It happened fast.

The Maryland Transit Administration announced Thursday that it was shutting down the Baltimore area’s light rail line indefinitely out of concern for rider safety.

The move, which took effect Friday, has left thousands of daily riders without daily service, instead relying on shuttle buses to ferry them between light rail stops.

MTA Administrator Holly Arnold cited two separate mechanical issues discovered in vehicle inspections as the cause for the shutdown. Baltimore’s aging light railcars are in the process of critical rehabilitation work that is also long overdue, leaving some transit advocates wondering how the state let the situation get to where it is.

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So what’s wrong, why, and how did we get here? Here’s what you need to know:

What mechanical issues caused the shutdown?

A recent maintenance inspection following an Oct. 21 fire event revealed punctures in high-voltage conduits that connect rail cars to their power source, Arnold said at an emergency news conference Thursday. Vehicle overhaul contractor Alstom assisted the agency in conducting a risk assessment, and initially determined the issue did not require a full suspension of service. One person suffered minor injuries during the Oct. 21 fire, Arnold said.

Inspectors found a second mechanical issue with the cables that connect rail cars to one another, which Arnold said caused multiple smoke events over the past two years. A risk assessment for this issue similarly did not necessitate full suspension of service on its own.

Arnold and her team decided to pull the entire fleet from service “out of an abundance of caution” to inspect each rail car for the same problems.

How long will the light rail be out of service?

It’s unclear. Arnold said that her team and engineers from their rehabilitation contractor are working quickly to determine how many vehicles have the mechanical issues. She said that as soon as they have eight rail cars ready for action, limited service will resume, and that full service will be reinstated once they have 19 rail cars.

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On Friday, she tweeted out a photo of rail cars being repaired and wrote: “The @mtamaryland and Alstom teams have been working nonstop on vehicle inspections and are beginning repairs. We’ll be sharing our progress regularly as we work to restore service.”

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Will this affect other modes of public transit?

Shuttle buses will stop at light rail stations and offer service to riders while the rail cars are fixed up. Arnold acknowledged that this could affect service levels on Baltimore’s LocalLink and CityLink bus lines as 30 vehicles were being pulled from their normal routes to provide the shuttle service. This could mean slower bus service for students who rely on the MTA to get them to school.

The suspension of light rail service does not affect Baltimore’s Metro SubwayLink, a heavy rail line, or the three lines of MARC commuter train service, which includes service to Washington, D.C.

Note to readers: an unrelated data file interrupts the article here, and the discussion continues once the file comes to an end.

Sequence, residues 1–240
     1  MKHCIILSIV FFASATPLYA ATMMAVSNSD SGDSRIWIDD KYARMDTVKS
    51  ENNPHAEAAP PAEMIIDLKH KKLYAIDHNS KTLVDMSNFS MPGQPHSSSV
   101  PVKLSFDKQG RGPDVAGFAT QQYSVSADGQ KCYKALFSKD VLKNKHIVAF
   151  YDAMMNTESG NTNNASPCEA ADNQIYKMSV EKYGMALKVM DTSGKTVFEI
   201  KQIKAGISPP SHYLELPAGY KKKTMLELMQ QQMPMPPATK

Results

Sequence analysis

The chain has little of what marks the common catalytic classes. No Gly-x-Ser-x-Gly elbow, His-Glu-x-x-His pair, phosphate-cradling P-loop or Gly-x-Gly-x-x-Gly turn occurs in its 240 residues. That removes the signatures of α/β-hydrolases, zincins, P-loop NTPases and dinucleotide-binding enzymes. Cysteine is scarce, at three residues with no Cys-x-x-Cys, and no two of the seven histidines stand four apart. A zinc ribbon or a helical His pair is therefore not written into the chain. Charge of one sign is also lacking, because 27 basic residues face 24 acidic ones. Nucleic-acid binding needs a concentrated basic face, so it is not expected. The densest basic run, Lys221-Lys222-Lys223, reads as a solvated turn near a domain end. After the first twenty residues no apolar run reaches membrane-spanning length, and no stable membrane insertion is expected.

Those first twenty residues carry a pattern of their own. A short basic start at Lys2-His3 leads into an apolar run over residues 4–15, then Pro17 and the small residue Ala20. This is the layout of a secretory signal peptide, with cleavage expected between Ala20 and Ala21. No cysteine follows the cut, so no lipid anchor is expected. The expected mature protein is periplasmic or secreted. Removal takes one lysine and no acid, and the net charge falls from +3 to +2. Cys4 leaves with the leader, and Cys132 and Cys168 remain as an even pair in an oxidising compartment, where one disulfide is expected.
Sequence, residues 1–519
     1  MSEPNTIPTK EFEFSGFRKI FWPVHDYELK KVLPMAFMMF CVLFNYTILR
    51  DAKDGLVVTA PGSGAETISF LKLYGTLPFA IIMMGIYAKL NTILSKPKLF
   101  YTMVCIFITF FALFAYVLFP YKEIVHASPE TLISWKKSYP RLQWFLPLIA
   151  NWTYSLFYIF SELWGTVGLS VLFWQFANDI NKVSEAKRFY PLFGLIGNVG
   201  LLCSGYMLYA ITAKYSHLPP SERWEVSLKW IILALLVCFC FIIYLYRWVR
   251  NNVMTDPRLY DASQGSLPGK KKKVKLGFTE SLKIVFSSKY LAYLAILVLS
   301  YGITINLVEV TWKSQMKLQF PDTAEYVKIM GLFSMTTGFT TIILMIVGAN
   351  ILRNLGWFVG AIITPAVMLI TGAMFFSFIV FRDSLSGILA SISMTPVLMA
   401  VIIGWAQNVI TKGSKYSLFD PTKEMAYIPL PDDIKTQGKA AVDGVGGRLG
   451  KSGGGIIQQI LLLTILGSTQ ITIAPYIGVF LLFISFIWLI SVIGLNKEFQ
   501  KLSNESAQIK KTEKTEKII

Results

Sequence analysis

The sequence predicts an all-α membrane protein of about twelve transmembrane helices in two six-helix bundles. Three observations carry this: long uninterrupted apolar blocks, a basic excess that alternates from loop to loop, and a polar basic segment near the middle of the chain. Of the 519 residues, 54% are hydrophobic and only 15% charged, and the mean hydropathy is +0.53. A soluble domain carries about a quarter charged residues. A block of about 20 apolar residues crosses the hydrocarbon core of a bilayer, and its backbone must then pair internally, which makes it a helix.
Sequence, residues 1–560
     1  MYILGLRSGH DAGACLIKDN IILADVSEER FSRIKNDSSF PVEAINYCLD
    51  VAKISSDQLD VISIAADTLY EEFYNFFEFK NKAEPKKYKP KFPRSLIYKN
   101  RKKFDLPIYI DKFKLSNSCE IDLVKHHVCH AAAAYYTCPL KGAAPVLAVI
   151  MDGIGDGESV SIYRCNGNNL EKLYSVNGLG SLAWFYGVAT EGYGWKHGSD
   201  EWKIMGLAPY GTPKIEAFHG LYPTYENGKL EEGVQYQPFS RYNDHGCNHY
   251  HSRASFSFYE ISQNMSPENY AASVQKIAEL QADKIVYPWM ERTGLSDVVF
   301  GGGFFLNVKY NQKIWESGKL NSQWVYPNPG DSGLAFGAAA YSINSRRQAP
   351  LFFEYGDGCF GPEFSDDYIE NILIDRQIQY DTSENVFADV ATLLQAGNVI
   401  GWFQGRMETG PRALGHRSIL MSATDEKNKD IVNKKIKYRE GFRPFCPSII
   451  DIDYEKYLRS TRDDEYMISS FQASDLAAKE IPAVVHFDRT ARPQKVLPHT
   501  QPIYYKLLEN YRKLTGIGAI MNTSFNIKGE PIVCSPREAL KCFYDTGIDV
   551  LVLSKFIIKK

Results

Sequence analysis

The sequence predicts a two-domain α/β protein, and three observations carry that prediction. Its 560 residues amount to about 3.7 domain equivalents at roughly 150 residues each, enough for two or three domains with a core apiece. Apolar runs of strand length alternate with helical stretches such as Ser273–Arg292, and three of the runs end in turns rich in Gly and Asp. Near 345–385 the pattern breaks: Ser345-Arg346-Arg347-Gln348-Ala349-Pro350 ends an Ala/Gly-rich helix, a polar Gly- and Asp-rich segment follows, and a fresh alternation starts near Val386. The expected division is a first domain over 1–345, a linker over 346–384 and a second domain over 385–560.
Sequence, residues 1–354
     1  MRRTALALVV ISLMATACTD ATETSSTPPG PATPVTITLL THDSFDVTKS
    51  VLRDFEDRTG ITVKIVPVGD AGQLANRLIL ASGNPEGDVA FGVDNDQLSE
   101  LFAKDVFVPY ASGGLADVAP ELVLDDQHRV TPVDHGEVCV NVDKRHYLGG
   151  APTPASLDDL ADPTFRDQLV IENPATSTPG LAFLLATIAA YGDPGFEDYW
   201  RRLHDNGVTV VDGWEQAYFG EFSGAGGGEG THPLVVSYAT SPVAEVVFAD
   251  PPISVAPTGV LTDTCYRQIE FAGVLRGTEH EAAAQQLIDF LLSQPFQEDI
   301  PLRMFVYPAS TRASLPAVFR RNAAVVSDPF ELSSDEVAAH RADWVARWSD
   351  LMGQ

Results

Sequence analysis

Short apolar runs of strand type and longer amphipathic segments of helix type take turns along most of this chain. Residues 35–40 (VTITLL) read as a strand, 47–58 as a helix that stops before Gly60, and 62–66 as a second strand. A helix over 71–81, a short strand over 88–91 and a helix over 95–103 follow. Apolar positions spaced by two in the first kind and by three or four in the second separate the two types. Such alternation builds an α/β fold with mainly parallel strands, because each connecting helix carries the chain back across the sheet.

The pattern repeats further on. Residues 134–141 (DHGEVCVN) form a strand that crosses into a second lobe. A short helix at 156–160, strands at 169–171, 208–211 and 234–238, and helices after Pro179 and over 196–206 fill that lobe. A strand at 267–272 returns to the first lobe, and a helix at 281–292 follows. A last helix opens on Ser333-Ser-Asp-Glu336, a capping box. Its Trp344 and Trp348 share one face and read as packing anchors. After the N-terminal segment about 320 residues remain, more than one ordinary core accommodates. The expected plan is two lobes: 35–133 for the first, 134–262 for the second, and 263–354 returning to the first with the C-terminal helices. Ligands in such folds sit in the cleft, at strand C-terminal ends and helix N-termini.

How many light rail cars does Baltimore have and how old are they?

The MTA light rail fleet consists of 53 rail cars, which Arnold said range in age from 24 to 31 years old. Light rail service debuted in 1992 in conjunction with the opening of Oriole Park at Camden Yards, where there is a station.

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The typical healthy lifespan of a light rail car is 30 years, Arnold said, meaning Baltimore’s fleet is approaching or has already met that benchmark.

Rail cars typically go through a “midlife overhaul,” a process of significant maintenance and rehabilitation meant to prolong a rail car’s lifespan. For the Baltimore light rail, midlife means 15 years, so ideally the process would have started with the oldest rail cars around 2007.

But a contract for the midlife rehab work wasn’t awarded until 2013, and was supposed to be wrapped by 2018, according to Mass Transit magazine. It’s unclear if the mechanical issues that have sidelined the light rail cars are happening to ones that have already been rehabbed, but Arnold did say that those issues are related to the midlife overhaul.

What will be the effect of recently announced transportation budget cuts?

The MTA has been dealing with a multibillion-dollar backlog of needed rehabilitation work across all of its transit modes that goes back years.

Officials announced proposed cuts to the state’s transportation budget earlier this week, but said that operations for “core service” on Baltimore’s transit lines would not be affected. Arnold said budget cuts won’t affect the planned-but-delayed overhaul of light rail cars, but that complete replacement of the fleet with brand new rail cars could be pushed back.

Daniel Zawodny covers transportation for the The Baltimore Banner as a corps member with Report For America. He is a Baltimore area native and graduated with his master's degree in journalism from American University in 2021. He is bilingual in English and Spanish and previously covered immigration issues.

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